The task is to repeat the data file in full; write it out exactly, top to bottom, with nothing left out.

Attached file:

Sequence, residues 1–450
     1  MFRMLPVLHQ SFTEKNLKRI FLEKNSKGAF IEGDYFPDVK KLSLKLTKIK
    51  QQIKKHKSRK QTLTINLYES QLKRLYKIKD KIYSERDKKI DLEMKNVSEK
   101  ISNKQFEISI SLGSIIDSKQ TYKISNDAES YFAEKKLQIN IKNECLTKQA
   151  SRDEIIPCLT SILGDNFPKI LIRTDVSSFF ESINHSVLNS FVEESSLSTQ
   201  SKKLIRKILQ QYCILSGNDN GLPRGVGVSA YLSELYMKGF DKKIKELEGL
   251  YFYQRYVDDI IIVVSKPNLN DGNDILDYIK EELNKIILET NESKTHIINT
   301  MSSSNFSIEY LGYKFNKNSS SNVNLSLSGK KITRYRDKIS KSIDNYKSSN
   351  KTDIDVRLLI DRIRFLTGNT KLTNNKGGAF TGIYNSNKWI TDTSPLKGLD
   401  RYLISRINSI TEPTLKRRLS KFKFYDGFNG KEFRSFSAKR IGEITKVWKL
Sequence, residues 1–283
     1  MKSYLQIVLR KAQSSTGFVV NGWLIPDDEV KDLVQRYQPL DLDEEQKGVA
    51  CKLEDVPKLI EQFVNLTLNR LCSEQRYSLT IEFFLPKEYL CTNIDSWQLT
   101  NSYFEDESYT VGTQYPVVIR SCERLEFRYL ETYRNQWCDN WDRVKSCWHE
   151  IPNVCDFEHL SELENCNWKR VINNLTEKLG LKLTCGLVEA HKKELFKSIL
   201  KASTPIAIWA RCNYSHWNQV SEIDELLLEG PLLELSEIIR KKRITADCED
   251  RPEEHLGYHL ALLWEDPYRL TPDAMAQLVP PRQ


Sequence, residues 1–450
     1  MFRMLPVLHQ SFTEKNLKRI FLEKNSKGAF IEGDYFPDVK KLSLKLTKIK
    51  QQIKKHKSRK QTLTINLYES QLKRLYKIKD KIYSERDKKI DLEMKNVSEK
   101  ISNKQFEISI SLGSIIDSKQ TYKISNDAES YFAEKKLQIN IKNECLTKQA
   151  SRDEIIPCLT SILGDNFPKI LIRTDVSSFF ESINHSVLNS FVEESSLSTQ
   201  SKKLIRKILQ QYCILSGNDN GLPRGVGVSA YLSELYMKGF DKKIKELEGL
   251  YFYQRYVDDI IIVVSKPNLN DGNDILDYIK EELNKIILET NESKTHIINT
   301  MSSSNFSIEY LGYKFNKNSS SNVNLSLSGK KITRYRDKIS KSIDNYKSSN
   351  KTDIDVRLLI DRIRFLTGNT KLTNNKGGAF TGIYNSNKWI TDTSPLKGLD
   401  RYLISRINSI TEPTLKRRLS KFKFYDGFNG KEFRSFSAKR IGEITKVWKL
Sequence, residues 1–283
     1  MKSYLQIVLR KAQSSTGFVV NGWLIPDDEV KDLVQRYQPL DLDEEQKGVA
    51  CKLEDVPKLI EQFVNLTLNR LCSEQRYSLT IEFFLPKEYL CTNIDSWQLT
   101  NSYFEDESYT VGTQYPVVIR SCERLEFRYL ETYRNQWCDN WDRVKSCWHE
   151  IPNVCDFEHL SELENCNWKR VINNLTEKLG LKLTCGLVEA HKKELFKSIL
   201  KASTPIAIWA RCNYSHWNQV SEIDELLLEG PLLELSEIIR KKRITADCED
   251  RPEEHLGYHL ALLWEDPYRL TPDAMAQLVP PRQ